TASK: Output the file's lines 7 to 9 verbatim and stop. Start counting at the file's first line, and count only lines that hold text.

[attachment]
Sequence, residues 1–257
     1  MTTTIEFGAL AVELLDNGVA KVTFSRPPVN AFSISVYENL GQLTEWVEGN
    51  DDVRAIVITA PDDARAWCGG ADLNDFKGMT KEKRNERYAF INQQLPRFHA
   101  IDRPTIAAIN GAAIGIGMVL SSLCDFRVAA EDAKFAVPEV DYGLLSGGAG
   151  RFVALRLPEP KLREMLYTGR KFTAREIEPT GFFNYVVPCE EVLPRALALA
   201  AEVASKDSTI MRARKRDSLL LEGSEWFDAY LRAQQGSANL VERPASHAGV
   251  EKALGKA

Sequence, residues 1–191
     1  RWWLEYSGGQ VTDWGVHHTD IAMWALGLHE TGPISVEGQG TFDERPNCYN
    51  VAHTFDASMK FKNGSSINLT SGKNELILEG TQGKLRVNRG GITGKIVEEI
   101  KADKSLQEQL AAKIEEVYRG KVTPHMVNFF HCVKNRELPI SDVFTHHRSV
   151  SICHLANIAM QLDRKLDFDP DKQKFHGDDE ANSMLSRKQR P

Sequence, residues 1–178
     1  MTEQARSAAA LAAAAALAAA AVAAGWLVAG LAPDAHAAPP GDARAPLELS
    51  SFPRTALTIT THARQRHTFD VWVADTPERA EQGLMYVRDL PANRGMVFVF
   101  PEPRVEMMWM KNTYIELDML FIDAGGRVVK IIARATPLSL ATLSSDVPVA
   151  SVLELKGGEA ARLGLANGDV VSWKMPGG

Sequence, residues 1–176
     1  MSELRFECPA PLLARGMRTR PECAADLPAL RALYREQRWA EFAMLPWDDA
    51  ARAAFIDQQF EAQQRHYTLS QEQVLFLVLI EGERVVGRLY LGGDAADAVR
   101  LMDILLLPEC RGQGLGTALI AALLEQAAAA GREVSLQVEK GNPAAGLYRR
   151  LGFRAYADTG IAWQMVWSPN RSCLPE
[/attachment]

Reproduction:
   251  EKALGKA

Sequence, residues 1–191
     1  RWWLEYSGGQ VTDWGVHHTD IAMWALGLHE TGPISVEGQG TFDERPNCYN